Eagles and Baseball Caps
Edward Strauss loved the eagle. He was captivated by its appearance, its bearing, what it stood for. "He felt it was a majestic animal," said his widow, Jane. "And he was a patriot."
Thus Mr. Strauss, 44, a Port Authority manager, maintained a collection of eagles ‹ the porcelain kind. Most of the replicas he kept in a curio cabinet at his home, but he always had a few on display in his office. He liked to gaze at them and have them nearby for others to see.
A devotee of Star Trek, he also had a thing about baseball caps. When he saw a cap, he bought it. Dozens of them accumulated. Caps bearing Looney Tunes characters were a particular weakness. He was a big man (size 22 neck). "Finding a cap that fit his head was amazing," Mrs. Strauss said.
Mr. Strauss was particular about dividing home tasks fairly with his wife. He insisted on doing all the food shopping (his wife cooked). Why? He was expert at detecting the best bargains.
"He would cut out coupons and everything," Mrs. Strauss said. "He did the food shopping with his mother, so he really knew how to do it."
Profile published in THE NEW YORK TIMES on October 16, 2001.
Edward Strauss, 44, always on the scene
Whether it was clearing out his mother-in-law's garage to helping a neighbor haul a big-screen television into his home or assisting one of six siblings with a home repair job, Edward Strauss was always there to lend a hand.
The 44-year-old operations chief for the Port Authority of New York and New Jersey was described by family members as a gentle giant who shared generously his time and talents with friends, family and colleagues rarely asking for anything in return.
The Edison resident was last seen grabbing a bullhorn and running to help evacuate the World Trade Center buildings after two hijacked plants slammed into the two towers on Sept. 11.
"When we heard what happened to the buildings, we knew he was in there," recalled his sister, Theresa Strauss Wood, who lives in Iselin. "From the time he was young, he was taking care of people. That's probably the way he died."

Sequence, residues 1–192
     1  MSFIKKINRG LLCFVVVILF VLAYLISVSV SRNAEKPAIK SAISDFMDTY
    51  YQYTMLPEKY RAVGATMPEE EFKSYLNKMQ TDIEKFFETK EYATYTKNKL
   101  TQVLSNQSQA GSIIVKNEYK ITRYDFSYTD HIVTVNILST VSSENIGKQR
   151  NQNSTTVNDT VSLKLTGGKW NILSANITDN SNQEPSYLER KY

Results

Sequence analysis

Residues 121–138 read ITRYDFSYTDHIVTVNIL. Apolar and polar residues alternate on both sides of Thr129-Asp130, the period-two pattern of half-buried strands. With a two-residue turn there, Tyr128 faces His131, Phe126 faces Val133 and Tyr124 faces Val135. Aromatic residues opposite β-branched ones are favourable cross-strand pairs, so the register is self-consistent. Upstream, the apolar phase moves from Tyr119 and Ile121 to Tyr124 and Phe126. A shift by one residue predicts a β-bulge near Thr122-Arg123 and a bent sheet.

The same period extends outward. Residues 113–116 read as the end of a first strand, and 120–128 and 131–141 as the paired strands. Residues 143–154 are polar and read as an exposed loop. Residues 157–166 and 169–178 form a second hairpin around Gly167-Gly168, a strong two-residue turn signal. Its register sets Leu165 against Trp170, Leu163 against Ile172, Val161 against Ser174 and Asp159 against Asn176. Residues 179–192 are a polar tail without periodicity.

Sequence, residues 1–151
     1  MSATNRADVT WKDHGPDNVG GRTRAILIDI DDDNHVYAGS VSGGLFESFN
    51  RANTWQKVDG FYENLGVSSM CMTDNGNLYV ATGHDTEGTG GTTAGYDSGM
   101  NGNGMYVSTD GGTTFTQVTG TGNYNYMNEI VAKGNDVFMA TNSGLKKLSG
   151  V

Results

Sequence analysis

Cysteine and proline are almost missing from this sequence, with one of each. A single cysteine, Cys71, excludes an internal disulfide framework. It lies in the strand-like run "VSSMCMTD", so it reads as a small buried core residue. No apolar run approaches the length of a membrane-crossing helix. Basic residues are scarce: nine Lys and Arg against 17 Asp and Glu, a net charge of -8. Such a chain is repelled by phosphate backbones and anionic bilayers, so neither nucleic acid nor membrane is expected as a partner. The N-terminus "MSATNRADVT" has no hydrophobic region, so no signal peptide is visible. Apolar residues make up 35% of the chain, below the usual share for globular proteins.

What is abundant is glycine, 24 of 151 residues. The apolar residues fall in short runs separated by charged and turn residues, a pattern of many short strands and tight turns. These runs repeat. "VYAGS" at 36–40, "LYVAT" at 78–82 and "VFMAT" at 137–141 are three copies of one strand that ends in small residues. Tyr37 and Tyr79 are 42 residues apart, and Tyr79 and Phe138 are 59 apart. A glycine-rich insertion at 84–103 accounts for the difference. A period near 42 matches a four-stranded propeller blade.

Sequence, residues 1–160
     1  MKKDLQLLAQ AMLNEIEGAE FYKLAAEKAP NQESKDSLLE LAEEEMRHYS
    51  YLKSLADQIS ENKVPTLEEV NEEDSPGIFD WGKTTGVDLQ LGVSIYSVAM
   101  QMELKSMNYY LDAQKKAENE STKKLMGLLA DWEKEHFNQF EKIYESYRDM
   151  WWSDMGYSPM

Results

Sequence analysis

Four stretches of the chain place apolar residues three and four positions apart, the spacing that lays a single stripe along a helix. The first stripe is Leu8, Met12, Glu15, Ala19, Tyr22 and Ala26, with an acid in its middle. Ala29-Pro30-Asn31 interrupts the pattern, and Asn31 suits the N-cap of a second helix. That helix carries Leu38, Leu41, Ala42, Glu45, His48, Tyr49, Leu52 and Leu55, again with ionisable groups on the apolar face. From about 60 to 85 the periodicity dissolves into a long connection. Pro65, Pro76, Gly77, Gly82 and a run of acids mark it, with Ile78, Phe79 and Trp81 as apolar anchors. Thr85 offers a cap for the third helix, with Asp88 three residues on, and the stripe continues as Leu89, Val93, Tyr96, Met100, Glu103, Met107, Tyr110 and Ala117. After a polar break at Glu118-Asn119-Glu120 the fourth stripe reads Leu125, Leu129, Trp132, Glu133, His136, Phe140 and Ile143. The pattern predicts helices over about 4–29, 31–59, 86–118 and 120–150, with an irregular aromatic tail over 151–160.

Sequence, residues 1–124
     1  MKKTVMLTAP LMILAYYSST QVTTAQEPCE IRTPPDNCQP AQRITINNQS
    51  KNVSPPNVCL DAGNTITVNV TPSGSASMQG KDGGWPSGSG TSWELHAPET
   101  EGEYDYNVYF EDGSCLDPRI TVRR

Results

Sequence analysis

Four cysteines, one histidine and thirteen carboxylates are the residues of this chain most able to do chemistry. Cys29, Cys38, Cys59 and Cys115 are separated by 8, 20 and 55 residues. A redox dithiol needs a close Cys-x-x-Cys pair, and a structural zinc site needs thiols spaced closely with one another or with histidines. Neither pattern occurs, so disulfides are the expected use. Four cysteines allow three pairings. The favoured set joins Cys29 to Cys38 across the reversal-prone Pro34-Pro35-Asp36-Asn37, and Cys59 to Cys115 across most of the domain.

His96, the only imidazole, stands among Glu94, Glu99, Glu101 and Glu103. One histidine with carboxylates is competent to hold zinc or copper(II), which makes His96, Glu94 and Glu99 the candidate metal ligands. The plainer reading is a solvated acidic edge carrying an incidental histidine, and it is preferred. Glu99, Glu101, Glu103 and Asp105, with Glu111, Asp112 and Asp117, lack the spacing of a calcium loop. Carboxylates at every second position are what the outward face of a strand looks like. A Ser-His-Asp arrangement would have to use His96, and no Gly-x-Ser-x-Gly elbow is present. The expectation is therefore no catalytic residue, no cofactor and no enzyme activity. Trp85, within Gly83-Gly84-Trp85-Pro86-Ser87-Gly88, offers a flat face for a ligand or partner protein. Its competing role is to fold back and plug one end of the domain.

Mr. Strauss joined the Port Authority at 17, working inside the Lincoln Tunnel in a glass booth ready to come to aid of motorists if their vehicle broke down, his father, Edward, said. He rose to his job as operations chief after 24 years spending time at four of the facilities run by the authority, according to his wife, Jane, who met him while working as a toll collector at the tunnel.
"He was a very giving person," she said. "Anybody who needed him, he was there -- at work, at home, anywhere,"
An avid Giants fan and reader of science fiction and military history, Mr. Strauss, who was born in Iselin, was looking forward to enjoying the new family room in his Edison home, which was equipped with a state-of-the-art stereo surround system. "He loved music: from classic to Zydeco and everything in between."
After the first plane hit, Mr. Strauss called his wife and told her he gotten out of his basement office, but advised her he would be busy the rest of the day.
"There's comfort in knowing he was doing what he loved," his sister, Theresa Wood, said. "A big reason why 25,000 people got out of those towers was because of dedicated Port Authority people like Ed."
Besides his wife and sister, Mr. Strauss is survived by his two sons, Justin, 25, and Edward, 12, his parents, Edward and Virginia Strauss of Plano, Texas; three other sisters, Barbara Eicholtz of Colonia, Gia Strauss Teeple of Iselin, and Veronica Strauss Johnson of Plano, Texas; and two brothers, Jay Strauss of Woodbridge and Vincent Strauss of Iselin.
A memorial Mass for Mr. Strauss will be held at 6 p.m. Thursday at St. Cecelia in Iselin.
Profile by Tom Johnson published in THE STAR-LEDGER.